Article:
Design Thinking for Community Development

Asset mapping exercise

Centre for Social Innovations –CSI is a mission driven not for profit social enterprise headquartered in Kumasi, Ghana. CSI Ghana harnesses Design Thinking approach in empowering entrepreneurs in collaboration with community members to address issues which are of priority to community members. What this means is that the program participants are trained in how to identify needs or issues of priority concern to community members, and work with them to find solutions using local assets and resources prevalent and then develop strategies to scale up solutions into innovative social enterprises.

Our approach combines theory and practice in such a way that program participants get the opportunity to learn the concepts before applying them on the field to solve real world challenges. Through participation in our community innovation programs, students and young entrepreneurs gain hands-on skills in leadership, teamwork, problem analysis, solutions design, testing and refining as well as scaling up solutions into sustainable social enterprises.

Community development and design thinking are by no means mutually exclusive, though different practitioners tend to prioritize one approach over another. Both seek sustainable solutions to seemingly intractable problems such as access to clean water, sanitation, healthcare access, safety, or education.

Engagement with community members to co-create sustainable solutions

But while design thinking stresses on being efficient and able to scale, community development places more emphasis on finding solutions that are specifically tailored to the community itself—even if that means painstakingly slower progress. Communities abound in tacit knowledge which are valuable to members. Hence, the community innovation program ensures that practitioners appreciate that before they can help make meaningful change.  Rather than listing social problems and then coming up with solutions, community innovators focus on unique strengths and tacit knowledge and value. By this, they try to build from what’s already there.  Community innovators first approach a problem by engaging in “asset mapping,” or identifying the strengths and resources that already exist within a community. Assets might include the skills of local people, the networking potential of local institutions, and any underutilized infrastructure—even the local culture.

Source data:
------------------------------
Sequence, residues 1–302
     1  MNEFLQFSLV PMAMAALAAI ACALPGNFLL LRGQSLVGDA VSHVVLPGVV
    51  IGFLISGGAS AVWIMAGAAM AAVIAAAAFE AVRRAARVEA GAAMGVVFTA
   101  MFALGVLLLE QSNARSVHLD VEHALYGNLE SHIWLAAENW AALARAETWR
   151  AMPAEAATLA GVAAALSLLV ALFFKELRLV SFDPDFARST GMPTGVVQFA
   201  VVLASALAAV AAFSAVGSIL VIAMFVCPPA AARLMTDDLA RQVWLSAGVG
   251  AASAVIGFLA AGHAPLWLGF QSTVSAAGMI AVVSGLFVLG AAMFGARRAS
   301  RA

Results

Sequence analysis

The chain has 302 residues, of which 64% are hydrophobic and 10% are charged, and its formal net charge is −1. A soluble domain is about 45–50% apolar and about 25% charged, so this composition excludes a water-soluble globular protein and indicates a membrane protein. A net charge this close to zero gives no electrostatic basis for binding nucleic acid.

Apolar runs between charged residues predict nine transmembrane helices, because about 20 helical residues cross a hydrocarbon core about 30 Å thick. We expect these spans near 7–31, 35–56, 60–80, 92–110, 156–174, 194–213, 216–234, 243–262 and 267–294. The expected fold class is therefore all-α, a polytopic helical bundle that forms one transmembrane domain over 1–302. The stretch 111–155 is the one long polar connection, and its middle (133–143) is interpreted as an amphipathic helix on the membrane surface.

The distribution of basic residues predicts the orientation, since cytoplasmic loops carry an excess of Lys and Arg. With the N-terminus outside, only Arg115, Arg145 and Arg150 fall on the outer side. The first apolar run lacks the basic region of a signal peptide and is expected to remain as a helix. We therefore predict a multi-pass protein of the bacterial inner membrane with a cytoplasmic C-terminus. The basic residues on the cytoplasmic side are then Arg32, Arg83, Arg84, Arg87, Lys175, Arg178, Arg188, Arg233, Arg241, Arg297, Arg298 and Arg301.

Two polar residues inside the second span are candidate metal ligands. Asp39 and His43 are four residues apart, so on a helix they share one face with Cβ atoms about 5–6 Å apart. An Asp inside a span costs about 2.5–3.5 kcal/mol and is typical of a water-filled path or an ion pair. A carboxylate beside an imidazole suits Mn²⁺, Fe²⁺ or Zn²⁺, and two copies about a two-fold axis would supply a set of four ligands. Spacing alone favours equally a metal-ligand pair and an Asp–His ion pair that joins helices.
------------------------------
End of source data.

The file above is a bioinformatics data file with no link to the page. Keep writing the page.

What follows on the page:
Consider, for example, the organization expertise in cocoa growing communities in Ghana, which has been instrumental to building better agricultural cooperatives, or the “communal culture” indigenous to Ghanaian farmsteads, an asset that makes it possible collaboration on farm labour management to reduce cost. In both cases, tapping into local assets—ones that may not be immediately visible from the outside—makes a significant difference in the durability of the outcomes.

An added aspect of the community innovation program harnessing design thinking is through a partnership with U.S based Think Impact, college students and young professionals from around the world team up with their Ghanaian counterparts to live in rural communities and to experience cross-cultural innovation and collaboration making use of Uncovery. Uncovery means collaboration, crossing cultures, and working together to reveal hidden opportunities. In collaboration with community members, students and entrepreneurs identify opportunities and co-create   products and services with social impact. CSI Ghana facilitate community immersion and long term partnerships that advance sustainable and meaningful impact. Students’ ingenuity during the Institute leads to the creation of hundreds of jobs.

Below is a summary of the processes that our participants go through to enhance their skills at innovating in communities making use of design thinking and asset based community development approaches;

Orientation Phase: Students and entrepreneurs receive training to help them understand the basics of social innovation, our approach to social innovation, teamwork and leadership.

Immersion Phase: The participants are taken to the field, usually a community to identify local assets and resources, issues of priority concern to the community and what daily experiences of people in the community need improvement.

Inspiration Phase: participants or community innovators form design teams with community members who will meet to deliberate on the issues of priority concern to the community and brainstorm solution ideas. These ideas are put into action in the next phase of the institution through an experimental process of prototyping, testing and iterating.

Innovation Phase: Innovation is the last stage of the program and the design process. The innovators (students, entrepreneurs and community leaders) begin to put their ideas into action by producing prototypes for testing and collection of feedback for improvement. They also develop business models for growing their innovations into sustainable social enterprises.

CSI Ghana community innovation program has largely been implemented in the Atwima Nwabiagya District of the Ashanti Region with very useful results. The success of the program has led to a partnership for replication of a community innovation on nutrition in Liberia.

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